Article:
Pakistan's new prime minister says he hopes the two main political parties in Pakistan will resolve their differences over how to reinstate judges deposed by President Pervez Musharraf. In an exclusive interview with VOA, Mr. Gilani also vowed his government will continue anti-terrorism efforts, but says it is focused on containing the violence through dialogue rather than the use of force. Ayaz Gul reports from Islamabad.
On the day his coalition government was shaken by the departure of a major political partner, Prime Minister Yousuf Raza Gilani tells VOA he is optimistic he can rescue their alliance.
The Pakistan Muslim League-N party of former Prime Minister Nawaz Sharif left the government Monday citing Mr. Gilani's Pakistan Peoples Party's inability to restore the deposed judges.
Mr. Gilani says that the break is temporary and he hopes the two sides will resolve their differences and the judges will be reinstated.
The Pakistani prime minister dismissed suggestions that the judicial crisis has undermined his focus on the foreign policy issues, particularly efforts to curb militancy.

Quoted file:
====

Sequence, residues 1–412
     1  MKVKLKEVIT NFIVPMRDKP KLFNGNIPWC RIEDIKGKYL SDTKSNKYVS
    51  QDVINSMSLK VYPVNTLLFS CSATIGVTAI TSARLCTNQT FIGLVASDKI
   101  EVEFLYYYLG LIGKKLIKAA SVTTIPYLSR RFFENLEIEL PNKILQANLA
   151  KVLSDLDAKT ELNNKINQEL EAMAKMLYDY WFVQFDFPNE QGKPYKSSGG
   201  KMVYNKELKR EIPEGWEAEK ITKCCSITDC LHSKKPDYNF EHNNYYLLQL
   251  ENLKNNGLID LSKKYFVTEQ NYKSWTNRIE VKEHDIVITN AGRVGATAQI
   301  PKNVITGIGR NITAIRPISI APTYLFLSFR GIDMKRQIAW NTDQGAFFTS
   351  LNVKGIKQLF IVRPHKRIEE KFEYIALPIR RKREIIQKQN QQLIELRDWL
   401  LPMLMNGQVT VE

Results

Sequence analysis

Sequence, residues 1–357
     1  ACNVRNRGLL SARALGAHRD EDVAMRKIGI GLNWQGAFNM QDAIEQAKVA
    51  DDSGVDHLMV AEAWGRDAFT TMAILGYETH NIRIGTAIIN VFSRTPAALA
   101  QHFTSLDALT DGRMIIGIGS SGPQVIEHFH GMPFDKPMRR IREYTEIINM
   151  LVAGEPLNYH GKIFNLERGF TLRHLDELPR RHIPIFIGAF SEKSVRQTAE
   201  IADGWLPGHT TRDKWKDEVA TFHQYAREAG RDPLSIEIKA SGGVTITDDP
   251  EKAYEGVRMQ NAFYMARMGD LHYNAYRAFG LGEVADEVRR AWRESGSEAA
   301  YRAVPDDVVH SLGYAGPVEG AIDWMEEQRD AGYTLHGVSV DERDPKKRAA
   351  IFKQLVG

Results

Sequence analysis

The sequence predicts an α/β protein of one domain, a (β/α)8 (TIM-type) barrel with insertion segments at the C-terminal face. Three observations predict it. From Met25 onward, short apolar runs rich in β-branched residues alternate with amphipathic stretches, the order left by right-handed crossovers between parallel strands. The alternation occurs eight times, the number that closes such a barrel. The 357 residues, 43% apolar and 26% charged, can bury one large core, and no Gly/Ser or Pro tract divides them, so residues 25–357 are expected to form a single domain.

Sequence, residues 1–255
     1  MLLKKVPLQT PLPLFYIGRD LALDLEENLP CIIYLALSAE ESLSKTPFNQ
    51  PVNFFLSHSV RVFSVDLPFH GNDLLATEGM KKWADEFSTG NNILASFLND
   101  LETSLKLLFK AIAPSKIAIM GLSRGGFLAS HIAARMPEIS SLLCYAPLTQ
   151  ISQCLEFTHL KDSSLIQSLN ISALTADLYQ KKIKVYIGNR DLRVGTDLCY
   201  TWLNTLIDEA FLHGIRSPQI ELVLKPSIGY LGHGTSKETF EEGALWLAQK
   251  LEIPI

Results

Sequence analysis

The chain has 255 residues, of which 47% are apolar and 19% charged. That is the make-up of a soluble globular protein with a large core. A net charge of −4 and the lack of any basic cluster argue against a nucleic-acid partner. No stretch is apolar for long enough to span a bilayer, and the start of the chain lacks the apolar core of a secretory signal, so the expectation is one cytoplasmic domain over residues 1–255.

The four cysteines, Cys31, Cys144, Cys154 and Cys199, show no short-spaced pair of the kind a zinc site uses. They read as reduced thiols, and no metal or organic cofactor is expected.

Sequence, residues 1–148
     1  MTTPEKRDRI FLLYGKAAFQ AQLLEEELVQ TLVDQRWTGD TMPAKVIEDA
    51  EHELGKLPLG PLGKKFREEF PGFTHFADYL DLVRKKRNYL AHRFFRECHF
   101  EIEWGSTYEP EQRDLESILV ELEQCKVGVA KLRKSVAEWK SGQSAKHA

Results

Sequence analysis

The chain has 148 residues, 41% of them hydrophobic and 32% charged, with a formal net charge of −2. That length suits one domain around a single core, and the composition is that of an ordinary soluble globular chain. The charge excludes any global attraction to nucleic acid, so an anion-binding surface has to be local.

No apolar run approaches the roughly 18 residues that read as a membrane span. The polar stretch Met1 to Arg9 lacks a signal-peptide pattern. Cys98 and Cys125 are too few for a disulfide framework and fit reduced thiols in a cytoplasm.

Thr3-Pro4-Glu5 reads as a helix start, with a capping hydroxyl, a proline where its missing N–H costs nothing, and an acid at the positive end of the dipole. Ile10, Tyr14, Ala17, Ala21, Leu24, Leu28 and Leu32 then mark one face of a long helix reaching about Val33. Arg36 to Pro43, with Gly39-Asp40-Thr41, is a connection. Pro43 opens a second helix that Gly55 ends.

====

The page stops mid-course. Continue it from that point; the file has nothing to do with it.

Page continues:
He says his government is determined to eliminate terrorism and secure the volatile tribal regions bordering Afghanistan. But he says that the use of force alone will not help end militancy in what are known as the Federally Administered Tribal Areas or FATA.
"The border between Afghanistan and Pakistan is over 2,000 kilometers and the terrain is extremely difficult," he said. "Even if we deploy the whole army on the border we will not be able to control the movement across the border. [But] we are trying our best not to allow any foreigners, any terrorists to enter FATA."
Mr. Gilani says that his government believes the militancy in the border areas can be discouraged by bringing economic development, education and health facilities to improve living standards in the underdeveloped regions. In addition, the prime minister says, a policy of holding dialogue with militant forces is also being pursued.
"We will not talk to the militants, those who will not decommission themselves," he said. "The people who are political forces and really want to help us to combat terrorism and extremism, we are talking to them."
Government representatives have been meeting with some tribal leaders to broker a peace deal with militant groups accused of launching attacks both in Pakistan and Afghanistan.
American commanders stationed in Afghanistan are concerned that armed raids across the Pakistani border are likely to increase this summer.
Senior U.S. officials in their recent statements have warned that Pakistani tribal regions act as sanctuaries of extremist groups like Taliban and al-Qaida and pose grave threats to the United States as well as the world.